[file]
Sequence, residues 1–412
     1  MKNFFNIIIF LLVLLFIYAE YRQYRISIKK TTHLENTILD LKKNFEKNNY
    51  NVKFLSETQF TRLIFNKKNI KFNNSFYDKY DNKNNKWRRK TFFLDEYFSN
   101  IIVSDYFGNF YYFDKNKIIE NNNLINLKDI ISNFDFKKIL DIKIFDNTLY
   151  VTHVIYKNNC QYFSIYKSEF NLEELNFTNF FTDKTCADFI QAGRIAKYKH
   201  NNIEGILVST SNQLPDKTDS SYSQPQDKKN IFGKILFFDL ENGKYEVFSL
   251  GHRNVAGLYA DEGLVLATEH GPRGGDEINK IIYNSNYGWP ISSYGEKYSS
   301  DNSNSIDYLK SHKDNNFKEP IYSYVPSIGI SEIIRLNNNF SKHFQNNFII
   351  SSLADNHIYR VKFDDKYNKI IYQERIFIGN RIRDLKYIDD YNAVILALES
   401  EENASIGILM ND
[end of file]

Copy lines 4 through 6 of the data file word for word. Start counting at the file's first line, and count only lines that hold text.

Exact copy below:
   101  IIVSDYFGNF YYFDKNKIIE NNNLINLKDI ISNFDFKKIL DIKIFDNTLY
   151  VTHVIYKNNC QYFSIYKSEF NLEELNFTNF FTDKTCADFI QAGRIAKYKH
   201  NNIEGILVST SNQLPDKTDS SYSQPQDKKN IFGKILFFDL ENGKYEVFSL